The Cubs started 1999 off well in trying to repeat their 1998 playoff appearance. In early June they won a pair of games against the Diamondbacks in Arizona, going into first place with a 32-23 record.
The next day, Lance Johnson got picked off to end an 8-7 loss to the D'backs. The Cubs proceeded to lose 10 of 11 and went into freefall. At one point in midsummer they lost by scores of 17-6, 19-12, 14-1 and 21-8 -- in a five-game span.
August brought, at one point, 11 losses in 12 games, and then the Giants came to town to open a four-game series on a Monday evening. Paul Sullivan sums up what happened in his Tribune "recap" of... well, read on:
What's a rain delay without rain? Just another day at Wrigley Field, where the strangest things have been happening in 1999. The Cubs-San Francisco Giants game was delayed for 3 hours 45 minutes Monday night before finally being postponed, though the rain did not begin until at least 1 1/2 hours after the scheduled 7 p.m. start. The mere "threat of rain" was enough for the Cubs to delay the start, an unfortunate occurrence for children on the eve of the first day of classes for Chicago public schools. Monday's rainout will be made up as part of a double-header Wednesday.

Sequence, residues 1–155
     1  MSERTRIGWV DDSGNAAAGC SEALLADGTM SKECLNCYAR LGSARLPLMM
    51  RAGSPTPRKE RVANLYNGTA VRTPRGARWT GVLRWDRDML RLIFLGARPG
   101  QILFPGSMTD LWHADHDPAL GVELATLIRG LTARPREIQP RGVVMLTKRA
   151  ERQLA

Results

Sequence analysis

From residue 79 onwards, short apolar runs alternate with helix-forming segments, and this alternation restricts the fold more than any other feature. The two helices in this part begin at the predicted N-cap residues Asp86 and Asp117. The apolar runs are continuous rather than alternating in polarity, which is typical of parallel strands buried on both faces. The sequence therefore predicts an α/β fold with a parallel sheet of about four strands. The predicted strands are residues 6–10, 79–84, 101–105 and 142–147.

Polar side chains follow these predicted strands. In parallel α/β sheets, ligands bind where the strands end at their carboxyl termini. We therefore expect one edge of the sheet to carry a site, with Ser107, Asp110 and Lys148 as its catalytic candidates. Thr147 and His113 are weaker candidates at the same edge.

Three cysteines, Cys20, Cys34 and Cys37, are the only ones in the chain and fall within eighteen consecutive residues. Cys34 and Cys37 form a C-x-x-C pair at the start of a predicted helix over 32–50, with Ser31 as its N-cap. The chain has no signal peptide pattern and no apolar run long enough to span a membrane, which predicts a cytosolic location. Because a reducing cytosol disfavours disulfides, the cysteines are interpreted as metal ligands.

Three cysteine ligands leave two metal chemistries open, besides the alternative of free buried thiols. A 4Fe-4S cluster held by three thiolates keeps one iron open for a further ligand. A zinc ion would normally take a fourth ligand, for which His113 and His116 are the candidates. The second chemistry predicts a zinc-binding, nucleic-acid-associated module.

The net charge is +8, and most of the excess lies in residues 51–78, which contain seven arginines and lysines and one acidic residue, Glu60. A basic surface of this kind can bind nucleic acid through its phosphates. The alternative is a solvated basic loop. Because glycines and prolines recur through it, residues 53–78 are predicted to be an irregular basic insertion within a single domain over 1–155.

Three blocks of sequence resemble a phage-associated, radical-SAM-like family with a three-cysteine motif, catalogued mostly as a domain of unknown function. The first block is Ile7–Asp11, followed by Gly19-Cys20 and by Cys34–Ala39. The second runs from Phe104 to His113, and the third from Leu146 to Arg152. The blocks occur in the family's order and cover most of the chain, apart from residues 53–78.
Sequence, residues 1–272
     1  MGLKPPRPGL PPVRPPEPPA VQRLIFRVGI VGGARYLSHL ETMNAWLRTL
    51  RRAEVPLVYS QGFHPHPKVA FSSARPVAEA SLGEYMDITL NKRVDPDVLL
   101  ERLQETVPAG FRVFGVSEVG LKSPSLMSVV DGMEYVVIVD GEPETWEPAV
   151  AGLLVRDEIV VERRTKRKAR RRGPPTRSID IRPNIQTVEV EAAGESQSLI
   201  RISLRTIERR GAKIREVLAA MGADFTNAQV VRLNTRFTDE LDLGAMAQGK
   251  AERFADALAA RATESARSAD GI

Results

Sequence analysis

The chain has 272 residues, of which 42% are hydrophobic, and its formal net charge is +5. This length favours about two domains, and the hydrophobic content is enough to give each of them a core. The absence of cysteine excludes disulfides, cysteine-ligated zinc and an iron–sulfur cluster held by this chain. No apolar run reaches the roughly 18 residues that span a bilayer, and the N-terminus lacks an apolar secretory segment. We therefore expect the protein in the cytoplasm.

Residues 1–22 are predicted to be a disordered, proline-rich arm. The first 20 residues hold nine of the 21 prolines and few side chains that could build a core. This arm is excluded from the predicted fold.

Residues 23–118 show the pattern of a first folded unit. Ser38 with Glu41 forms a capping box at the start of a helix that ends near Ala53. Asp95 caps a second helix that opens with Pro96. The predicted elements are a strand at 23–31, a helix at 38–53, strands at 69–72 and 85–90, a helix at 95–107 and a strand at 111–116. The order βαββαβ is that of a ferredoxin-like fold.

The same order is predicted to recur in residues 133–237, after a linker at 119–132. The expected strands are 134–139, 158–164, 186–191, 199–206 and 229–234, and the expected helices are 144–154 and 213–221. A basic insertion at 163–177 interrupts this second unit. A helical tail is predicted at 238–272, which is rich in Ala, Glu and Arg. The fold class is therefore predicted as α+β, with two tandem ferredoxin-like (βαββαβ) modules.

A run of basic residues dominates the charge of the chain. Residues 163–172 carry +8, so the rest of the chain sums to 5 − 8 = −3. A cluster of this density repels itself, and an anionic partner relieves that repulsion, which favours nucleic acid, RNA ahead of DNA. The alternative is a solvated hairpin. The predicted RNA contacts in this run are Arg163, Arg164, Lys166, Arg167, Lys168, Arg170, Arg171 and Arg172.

I was at this, uh, event. It was bizarre. At 7:05, the scheduled starting time, it was not raining. It didn't start raining until around 9:20 (a little later than Sullivan's "1 1/2 hours"), which would easily have been enough time to play six or maybe even seven innings and get an official game in. At one point, our bleacher group discovered that they had Ron Santo on WGN radio with fans during the delay, so I called in and they put me on the air to talk with Santo, who couldn't believe that they weren't playing. Even in those pre-smartphone days, I knew that once it started raining, it wasn't going to stop, so I left the park when the rain began to fall. The umpires waited another hour or so before giving up.
At the time, the night-game ordinance did not allow the Cubs to play split doubleheaders, so they were forced to make this game up as part of a single-admission doubleheader, as noted by Sullivan, two days later. (The Giants swept the twin bill.) The three other dates in that series drew 25,501, 26,584 and 28,351, so you can probably assume there was a house of at least 25,000 on hand for that Monday night game, for which the Cubs had to issue refunds.
It was estimated by some that the cancellation of the date cost the Cubs about $1 million, a not-insignificant sum even by 1999 baseball standards (the Cubs' payroll that year was about $55 million). Rumors were that this was one of the factors that contributed to general manager Ed Lynch's dismissal midway through the next season.
August 1999 was the worst calendar month in Cubs history, as they went 6-24. The non-rain delay was a laughable symptom of the horribleness that was the 1999 season, where the Cubs went 35-72 after that 32-23 peak. That 107-game stretch, and one of identical length in 1966, are the worst such runs in club history.